Human mutation screening

We screened 18 HPS patients with no defects in HPS1, HPS2 (APB31), HPS3, or HPS4 for CNO mutations by amplification of gDNA from cultured fibroblasts and sequencing. No defects were observed.


Using a classical positional cloning approach, we have identified the gene defect in cappuccino, a mouse model of HPS. The normal cno gene is ubiquitously expressed and encodes a novel 215-amino acid protein that is a subunit of BLOC-1. In mutant mice, a deletion leads to frameshift. As a result, 72 new amino acids are encoded that replace the wild-type C-terminal 82 amino acids and significantly alter the predicted secondary structure by eliminating a coiled-coil domain. Interestingly, the expression and subcellular localization of the mutant protein are not affected by the drastically altered C-terminal sequence. However, the ability of the protein to interact with components of the BLOC-1 complex is abolished, indicating that failure to produce an intact BLOC-1 complex underlies the HPS phenotype in cno/cno mice as well as pa and mu homozygotes. Three unidentified proteins of about 32, 20, and 15 kDa are known to interact with pallidin and muted in BLOC-1.20 Results of coprecipitation and cosedimentation indicate that CNO is the previously unidentified 32-kDa component of BLOC-1. Thus, CNO shares with pallidin and the muted protein the property of migrating at a higher than predicted apparent molecular mass (Figures 5 and 6).

The wild-type CNO protein shows no significant homologies to any protein except its human counterpart. It is noteworthy that pallidin, CNO, and the muted protein share strikingly similar predicted secondary structures and appear to be confined to metazoans.20 Similarly, no yeast orthologues exist for the pale ear mutation (ep, HPS1) or the light ear mutation (le, HPS4). In contrast, components of the AP-3 complex are found in all eukaryotes. These observations suggest that both the BLOC-1 and HPS1/HPS4 complexes evolved to serve specialized functions in the biogenesis of those lysosome-related organelles (platelet dense bodies, melanosomes) that are specific to higher eukaryotes.

In humans, defects in HPS1 and HPS4 result in the most severe forms of HPS, emphasizing the critical function of the recently evolved HPS1/HPS4 complex in the biogenesis of lysosome-related organelles in man. Notably, the pa, mu, and cno mouse mutations are the most severe of all, even more so than the HPS1 and HPS4 orthologues. Interestingly, of the 9 published (including cno) mouse HPS genes, only the 3 known components of the BLOC-1 complex and mocha (mh), which encodes another component (δ) of the AP-3 complex, have not been associated with human disease. Pale ear, pearl, cocoa, and light ear are orthologous to HPS1-4, respectively, and ashen encodes RAB27a, which has been associated with Griscelli syndrome in humans.33 Moreover, while this manuscript was in press, the mouse ruby-eye-2 (ru2) and ruby-eye (ru) mouse HPS mutations were cloned and shown to be orthologous to human HPS-5 and HPS-6, respectively.39 In a total of 142 HPS patients screened to date,9,34, 35, 36, 37, 38 no defects in the known BLOC-1 components have been detected, suggesting that BLOC-1 function is critical in humans or, alternatively, that BLOC-1 defects in humans are exceedingly rare.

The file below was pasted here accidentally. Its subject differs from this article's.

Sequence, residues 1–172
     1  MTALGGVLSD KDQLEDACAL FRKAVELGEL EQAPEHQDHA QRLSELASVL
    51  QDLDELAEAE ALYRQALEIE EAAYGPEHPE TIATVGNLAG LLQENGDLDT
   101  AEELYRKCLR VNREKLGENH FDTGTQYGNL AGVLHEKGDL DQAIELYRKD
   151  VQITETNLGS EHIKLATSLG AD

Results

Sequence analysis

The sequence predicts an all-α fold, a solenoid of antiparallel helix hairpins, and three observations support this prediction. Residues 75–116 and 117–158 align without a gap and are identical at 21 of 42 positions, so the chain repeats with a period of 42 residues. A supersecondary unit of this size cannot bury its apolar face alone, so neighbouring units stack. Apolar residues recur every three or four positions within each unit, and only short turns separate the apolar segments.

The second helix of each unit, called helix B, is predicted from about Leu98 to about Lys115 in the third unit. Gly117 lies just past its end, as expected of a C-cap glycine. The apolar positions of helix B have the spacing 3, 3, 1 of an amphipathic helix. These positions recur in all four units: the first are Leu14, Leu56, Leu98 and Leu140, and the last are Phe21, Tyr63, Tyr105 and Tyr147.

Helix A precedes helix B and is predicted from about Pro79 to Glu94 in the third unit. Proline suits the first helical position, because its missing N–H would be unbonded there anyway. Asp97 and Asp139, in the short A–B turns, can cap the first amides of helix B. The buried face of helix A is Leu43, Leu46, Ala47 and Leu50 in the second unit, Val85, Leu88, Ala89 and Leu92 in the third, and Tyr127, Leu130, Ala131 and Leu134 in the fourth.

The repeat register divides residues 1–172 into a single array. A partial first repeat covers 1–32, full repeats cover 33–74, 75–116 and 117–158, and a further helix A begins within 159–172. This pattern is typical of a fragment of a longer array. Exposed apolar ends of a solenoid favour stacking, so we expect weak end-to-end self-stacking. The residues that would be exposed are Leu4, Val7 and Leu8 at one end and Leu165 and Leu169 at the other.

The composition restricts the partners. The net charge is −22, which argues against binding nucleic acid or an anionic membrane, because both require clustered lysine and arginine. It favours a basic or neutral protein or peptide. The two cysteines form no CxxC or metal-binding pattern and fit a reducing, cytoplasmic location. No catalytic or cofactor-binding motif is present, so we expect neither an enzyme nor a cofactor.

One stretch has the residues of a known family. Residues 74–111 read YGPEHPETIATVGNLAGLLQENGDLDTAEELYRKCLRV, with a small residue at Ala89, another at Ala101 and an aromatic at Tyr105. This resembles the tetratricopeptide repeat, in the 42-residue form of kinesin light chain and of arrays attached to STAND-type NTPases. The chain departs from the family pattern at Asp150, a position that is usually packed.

Although BLOC-1 clearly functions in the development of lysosome-related organelles, its precise mechanism of action remains unknown. Some clue to the function of BLOC-1 may come from pallidin, which binds syntaxin-13, a SNARE protein involved in vesicle fusion and docking.14 This suggests that the BLOC-1 complex might be involved in vesicle tethering and fusion processes. Elucidation of the remaining components and the precise function of BLOC-1 will lead to a better understanding of the biogenesis of platelet dense bodies and melanosomes in higher eukaryotes and the pathophysiology of HPS.

Note: The mouse cappuccino gene name and symbol (cno) have been approved by the Mouse Genome Nomenclature Committee ( The mouse gene is not related to the Drosophila cappuccino (capu) gene.40


We thank Eva Eicher and Sue Ackerman for critical review of the manuscript, Richard Swank for the generous gift of polyclonal antiserum to the muted protein, and Jennifer Smith for computer graphics.


  • Reprints:
    Luanne L. Peters, The Jackson Laboratory, 600 Main St, Bar Harbor, ME 04609; e-mail: luanne{at}
  • Prepublished online as Blood First Edition Paper, February 6, 2003; DOI 10.1182/blood-2003-01-0020.

  • Supported by National Institutes of Health grant HL55321 (L.L.P.) and RR01183 (The Jackson Laboratory Mouse Mutant Resource) and the National Cancer Institute CA34196 (The Jackson Laboratory). Presented in abstract form at the 44th Annual Meeting of the American Society of Hematology, Philadelphia, PA, December 6-10, 2002.28

  • The publication costs of this article were defrayed in part by page charge payment. Therefore, and solely to indicate this fact, this article is hereby marked “advertisement” in accordance with 18 U.S.C. section 1734.

  • Submitted January 3, 2003.
  • Accepted January 21, 2003.